Relative Contributions Of Eyelid And Eye-retraction Motor Systems To Reflex And Classically Conditioned Blink Responses In The Rabbit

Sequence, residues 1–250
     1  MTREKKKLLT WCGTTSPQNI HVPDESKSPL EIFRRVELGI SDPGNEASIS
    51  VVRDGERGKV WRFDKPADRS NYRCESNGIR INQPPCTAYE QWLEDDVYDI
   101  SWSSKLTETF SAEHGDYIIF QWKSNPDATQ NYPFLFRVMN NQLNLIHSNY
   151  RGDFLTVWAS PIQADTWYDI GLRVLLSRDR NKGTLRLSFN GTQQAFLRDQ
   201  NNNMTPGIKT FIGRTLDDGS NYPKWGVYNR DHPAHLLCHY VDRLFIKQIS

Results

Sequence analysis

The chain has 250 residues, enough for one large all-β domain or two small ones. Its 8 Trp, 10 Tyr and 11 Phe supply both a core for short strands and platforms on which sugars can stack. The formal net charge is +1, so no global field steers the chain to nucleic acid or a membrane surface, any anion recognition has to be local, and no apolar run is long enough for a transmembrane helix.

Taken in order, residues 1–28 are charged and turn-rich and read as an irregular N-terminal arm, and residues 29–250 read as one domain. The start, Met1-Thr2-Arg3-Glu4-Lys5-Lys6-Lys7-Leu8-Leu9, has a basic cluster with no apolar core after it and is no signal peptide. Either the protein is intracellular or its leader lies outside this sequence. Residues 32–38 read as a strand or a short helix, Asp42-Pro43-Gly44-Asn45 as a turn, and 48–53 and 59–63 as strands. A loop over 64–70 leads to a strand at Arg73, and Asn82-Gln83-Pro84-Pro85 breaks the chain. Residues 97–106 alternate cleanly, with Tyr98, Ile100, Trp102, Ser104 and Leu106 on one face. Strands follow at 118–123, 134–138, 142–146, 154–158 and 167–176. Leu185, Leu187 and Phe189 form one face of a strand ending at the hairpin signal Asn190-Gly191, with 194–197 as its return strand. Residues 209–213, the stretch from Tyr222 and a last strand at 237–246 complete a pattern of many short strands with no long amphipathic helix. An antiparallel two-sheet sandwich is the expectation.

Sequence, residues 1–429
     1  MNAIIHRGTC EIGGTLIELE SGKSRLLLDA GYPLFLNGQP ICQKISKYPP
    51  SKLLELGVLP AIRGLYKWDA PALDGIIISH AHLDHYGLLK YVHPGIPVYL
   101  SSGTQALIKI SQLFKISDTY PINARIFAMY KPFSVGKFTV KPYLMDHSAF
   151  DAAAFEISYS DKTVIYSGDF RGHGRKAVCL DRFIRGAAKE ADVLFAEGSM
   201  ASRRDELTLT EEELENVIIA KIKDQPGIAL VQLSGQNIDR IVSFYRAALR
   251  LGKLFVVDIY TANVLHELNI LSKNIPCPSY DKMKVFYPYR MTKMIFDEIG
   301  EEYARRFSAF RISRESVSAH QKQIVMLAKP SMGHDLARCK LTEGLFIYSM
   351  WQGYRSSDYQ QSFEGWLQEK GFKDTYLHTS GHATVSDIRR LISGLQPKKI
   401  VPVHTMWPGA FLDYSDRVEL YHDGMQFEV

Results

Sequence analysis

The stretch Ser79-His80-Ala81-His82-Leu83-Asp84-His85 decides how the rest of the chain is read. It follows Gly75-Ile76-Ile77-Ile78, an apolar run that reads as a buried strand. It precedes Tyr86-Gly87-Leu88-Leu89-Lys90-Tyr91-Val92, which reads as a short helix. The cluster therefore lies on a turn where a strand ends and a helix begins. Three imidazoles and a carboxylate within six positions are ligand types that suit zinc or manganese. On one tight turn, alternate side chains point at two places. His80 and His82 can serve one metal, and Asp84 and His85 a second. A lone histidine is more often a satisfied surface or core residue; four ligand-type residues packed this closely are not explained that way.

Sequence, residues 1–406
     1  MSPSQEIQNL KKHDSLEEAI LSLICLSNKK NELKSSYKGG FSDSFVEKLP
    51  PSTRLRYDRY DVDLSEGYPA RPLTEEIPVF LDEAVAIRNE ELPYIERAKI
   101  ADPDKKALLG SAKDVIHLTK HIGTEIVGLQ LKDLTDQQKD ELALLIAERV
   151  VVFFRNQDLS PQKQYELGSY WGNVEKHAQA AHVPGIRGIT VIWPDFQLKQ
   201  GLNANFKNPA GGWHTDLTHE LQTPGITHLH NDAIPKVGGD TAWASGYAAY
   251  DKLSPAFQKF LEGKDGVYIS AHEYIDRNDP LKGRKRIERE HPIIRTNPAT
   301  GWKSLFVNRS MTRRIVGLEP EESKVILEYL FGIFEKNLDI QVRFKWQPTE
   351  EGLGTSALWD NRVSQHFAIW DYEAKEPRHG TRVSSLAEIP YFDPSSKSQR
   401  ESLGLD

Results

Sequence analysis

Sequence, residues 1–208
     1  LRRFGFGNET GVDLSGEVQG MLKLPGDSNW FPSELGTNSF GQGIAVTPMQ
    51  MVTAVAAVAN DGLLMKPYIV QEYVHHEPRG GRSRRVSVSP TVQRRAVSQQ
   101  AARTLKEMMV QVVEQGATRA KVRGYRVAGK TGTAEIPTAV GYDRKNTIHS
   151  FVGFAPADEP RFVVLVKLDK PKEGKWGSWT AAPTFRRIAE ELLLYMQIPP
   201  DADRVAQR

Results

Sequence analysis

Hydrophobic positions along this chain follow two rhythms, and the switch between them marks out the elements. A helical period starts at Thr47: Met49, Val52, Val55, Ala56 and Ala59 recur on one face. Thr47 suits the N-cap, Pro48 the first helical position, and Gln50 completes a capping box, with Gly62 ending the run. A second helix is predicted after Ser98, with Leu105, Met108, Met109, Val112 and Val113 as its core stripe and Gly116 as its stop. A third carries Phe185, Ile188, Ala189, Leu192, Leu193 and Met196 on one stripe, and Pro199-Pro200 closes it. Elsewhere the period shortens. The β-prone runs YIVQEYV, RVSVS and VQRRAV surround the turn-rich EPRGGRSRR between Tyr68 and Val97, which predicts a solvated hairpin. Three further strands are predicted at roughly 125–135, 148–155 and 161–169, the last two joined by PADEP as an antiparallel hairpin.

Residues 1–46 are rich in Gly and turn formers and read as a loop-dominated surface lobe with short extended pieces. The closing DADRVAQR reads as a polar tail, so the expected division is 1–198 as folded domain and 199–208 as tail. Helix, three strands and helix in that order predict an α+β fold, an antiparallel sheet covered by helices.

Early compensatory mechanisms between eyelid and eye-retraction motor systems following selective nerve and/or muscle lesions were studied in behaving rabbits. Reflex and conditioned eyelid responses were recorded in 1) controls and following 2) facial nerve section, 3) retractor bulbi muscle removal, and 4) facial nerve section and retractor bulbi muscle removal. Animals were classically conditioned with a delay paradigm by using a tone (350 ms, 600 Hz, 90 dB) as conditioned stimulus, followed 250 ms later by an air puff (100 ms, 3 kg/cm2) as unconditioned stimulus. Conditioned eyelid responses generated in the absence of the facial motor system (i.e., by the almost sole action of the retractor bulbi motor system) presented a wavy profile, due to the succession of eye-retraction movements. Learned eyelid responses generated in the absence of the eye-retraction motor system (i.e., by the almost exclusive action of the facial motor system) were similar to those of controls, but were reduced in amplitude and peak velocity. Finally, the isolated action of the extraocular recti muscle produced very small eyelid movements during both reflex and learned eyelid responses. Although each of these motor systems could act independently of the others, the motor result of their joint action did not coincide with the simple addition of their separate actions. Both facial and eye-retraction motor systems appear to be necessary for normal eyelid closure during blinking in rabbits. Central reorganization to compensate for loss of either of these systems may explain why the response of each system in isolation cannot be added linearly to obtain normal blink response magnitudes and profiles.